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Chemistry

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The usual partial pressure of oxygen that people get at sea level is .20 atm, that is, a fifth of the usual sea level air pressure. People used to 1 atm air pressure begin to become light headed at about .10 atm oxygen. As a rule of thumb, the air pressure decreases one inch of mercury each thousand feet of altitude above seal level. At what altitude should airplane cabins be pressurized? Up to about what altitude should you be able to use unpressurized pure oxygen? (Express your answer in feet above Mean Sea Level, or MSL.)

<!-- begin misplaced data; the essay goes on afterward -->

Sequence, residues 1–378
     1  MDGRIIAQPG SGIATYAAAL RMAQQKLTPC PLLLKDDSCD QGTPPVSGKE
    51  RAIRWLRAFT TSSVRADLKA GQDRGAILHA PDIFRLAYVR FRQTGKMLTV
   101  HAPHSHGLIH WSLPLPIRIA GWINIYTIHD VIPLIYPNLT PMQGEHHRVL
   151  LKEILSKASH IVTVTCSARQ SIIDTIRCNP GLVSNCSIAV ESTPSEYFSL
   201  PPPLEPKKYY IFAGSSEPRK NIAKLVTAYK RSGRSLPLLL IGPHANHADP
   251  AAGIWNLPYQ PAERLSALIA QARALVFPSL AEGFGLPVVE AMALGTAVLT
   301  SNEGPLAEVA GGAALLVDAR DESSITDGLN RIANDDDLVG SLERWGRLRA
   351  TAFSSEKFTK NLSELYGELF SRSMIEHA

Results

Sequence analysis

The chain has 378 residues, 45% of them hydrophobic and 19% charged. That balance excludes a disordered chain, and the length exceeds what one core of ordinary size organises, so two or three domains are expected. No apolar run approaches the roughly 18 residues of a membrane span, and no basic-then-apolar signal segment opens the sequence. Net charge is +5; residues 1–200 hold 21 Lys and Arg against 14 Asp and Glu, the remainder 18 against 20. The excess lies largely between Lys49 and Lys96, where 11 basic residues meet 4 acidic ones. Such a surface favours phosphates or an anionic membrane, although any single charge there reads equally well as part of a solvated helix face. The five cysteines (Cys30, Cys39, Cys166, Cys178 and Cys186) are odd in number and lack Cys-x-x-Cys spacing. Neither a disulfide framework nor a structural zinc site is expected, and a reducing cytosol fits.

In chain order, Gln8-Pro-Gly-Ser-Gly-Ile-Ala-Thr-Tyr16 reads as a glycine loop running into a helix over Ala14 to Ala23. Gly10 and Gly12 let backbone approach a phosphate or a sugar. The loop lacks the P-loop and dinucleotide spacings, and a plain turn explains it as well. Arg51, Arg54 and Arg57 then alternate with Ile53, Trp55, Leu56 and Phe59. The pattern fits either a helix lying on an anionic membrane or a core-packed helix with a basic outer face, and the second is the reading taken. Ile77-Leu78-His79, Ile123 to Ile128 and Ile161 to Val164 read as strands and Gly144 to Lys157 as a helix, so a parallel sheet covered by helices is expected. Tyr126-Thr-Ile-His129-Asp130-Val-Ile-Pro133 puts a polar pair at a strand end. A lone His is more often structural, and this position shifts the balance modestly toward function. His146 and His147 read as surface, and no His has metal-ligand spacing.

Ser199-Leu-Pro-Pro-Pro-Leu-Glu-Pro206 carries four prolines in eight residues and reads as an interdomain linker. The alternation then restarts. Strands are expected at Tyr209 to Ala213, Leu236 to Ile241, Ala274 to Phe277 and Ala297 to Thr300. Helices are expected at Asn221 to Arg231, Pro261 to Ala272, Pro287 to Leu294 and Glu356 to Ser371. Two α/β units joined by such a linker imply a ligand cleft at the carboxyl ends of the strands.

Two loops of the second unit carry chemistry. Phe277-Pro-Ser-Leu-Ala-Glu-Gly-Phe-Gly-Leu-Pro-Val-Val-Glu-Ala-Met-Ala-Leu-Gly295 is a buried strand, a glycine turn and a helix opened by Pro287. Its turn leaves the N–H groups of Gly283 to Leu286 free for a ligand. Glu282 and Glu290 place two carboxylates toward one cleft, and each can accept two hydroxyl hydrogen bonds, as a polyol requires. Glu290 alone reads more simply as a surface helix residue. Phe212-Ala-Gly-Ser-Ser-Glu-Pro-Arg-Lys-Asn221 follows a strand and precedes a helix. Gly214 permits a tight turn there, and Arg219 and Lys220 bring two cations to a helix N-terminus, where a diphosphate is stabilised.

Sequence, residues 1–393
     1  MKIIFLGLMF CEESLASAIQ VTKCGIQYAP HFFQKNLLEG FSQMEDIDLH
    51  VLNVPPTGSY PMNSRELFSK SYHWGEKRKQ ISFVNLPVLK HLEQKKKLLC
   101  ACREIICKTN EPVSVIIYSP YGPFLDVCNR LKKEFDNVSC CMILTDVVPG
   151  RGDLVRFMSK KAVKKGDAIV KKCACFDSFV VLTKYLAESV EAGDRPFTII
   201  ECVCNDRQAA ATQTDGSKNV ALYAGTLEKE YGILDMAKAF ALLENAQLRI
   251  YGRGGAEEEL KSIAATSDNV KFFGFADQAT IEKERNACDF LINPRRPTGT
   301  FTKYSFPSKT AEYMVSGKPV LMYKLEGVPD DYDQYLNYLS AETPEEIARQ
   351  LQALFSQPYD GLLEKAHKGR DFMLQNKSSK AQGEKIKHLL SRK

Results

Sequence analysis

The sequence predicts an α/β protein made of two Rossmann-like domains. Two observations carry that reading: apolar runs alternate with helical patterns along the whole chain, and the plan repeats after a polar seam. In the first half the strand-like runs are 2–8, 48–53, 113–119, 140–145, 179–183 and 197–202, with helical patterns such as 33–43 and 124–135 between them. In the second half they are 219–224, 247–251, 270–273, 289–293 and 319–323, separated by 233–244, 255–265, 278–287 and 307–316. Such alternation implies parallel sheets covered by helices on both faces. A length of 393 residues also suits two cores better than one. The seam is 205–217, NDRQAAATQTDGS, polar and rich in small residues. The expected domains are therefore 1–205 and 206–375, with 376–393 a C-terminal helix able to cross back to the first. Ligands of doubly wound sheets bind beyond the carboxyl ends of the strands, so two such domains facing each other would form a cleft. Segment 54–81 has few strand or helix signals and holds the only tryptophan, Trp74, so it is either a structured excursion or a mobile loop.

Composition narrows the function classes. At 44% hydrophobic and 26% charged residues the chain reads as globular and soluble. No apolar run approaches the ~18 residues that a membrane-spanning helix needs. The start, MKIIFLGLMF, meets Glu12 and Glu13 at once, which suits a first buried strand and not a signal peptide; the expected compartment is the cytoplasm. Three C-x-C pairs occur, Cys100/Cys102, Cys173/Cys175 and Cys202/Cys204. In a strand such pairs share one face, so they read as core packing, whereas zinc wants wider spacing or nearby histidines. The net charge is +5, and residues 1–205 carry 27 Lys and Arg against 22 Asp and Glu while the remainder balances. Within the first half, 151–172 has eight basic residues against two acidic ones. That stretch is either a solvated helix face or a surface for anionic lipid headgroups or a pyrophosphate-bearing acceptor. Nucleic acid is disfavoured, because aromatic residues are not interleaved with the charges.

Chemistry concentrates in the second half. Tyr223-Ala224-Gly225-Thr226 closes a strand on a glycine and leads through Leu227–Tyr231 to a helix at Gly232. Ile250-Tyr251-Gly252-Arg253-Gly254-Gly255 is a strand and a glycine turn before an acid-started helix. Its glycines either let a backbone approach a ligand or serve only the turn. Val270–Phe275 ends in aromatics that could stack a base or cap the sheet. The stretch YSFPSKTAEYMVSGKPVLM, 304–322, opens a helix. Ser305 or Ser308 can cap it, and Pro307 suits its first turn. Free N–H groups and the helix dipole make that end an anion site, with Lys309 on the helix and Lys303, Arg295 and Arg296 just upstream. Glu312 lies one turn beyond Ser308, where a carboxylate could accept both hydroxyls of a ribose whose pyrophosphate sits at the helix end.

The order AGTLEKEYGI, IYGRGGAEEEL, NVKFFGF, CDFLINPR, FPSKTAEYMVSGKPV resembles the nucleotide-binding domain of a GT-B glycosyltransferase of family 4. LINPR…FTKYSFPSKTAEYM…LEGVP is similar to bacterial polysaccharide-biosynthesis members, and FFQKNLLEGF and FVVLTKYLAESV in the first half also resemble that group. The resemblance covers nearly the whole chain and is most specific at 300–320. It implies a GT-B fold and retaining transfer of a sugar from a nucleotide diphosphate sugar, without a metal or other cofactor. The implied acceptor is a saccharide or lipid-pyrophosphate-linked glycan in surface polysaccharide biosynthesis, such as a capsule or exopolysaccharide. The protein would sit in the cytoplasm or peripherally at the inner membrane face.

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    If passengers are ok at 0.2 atm oxygen (1 atm normal pressure) and light headed at 0.1 atm oxygen (0.5 atm air pressure) then cabin pressure must not be as low as 0.5 atm total pressure. I assume that means cabin pressures could be as low as say 0.7 or 0.8 atm and passengers would feel ok. If we take 0.75 as a good guess, then 0.75 x 760 mm Hg = 570 mm and the difference is 760-570 = 190 mm. If the pressure decreases 1 inch for each 1000 feet, that is 25.4 mm/1000 ft. Therefore, 190 mm/25.4 mm = about 7.5 or 7,500 feet. Thus cabins should be pressurized in the neighborhood of 7,500 feet. I flew a small (single engine--two seat) private plane for several years at altitudes of 5,000 and 6,000 feet and they were not pressurized, and it didn't affect be a bit--a bit--a bit -- a bit. :-).

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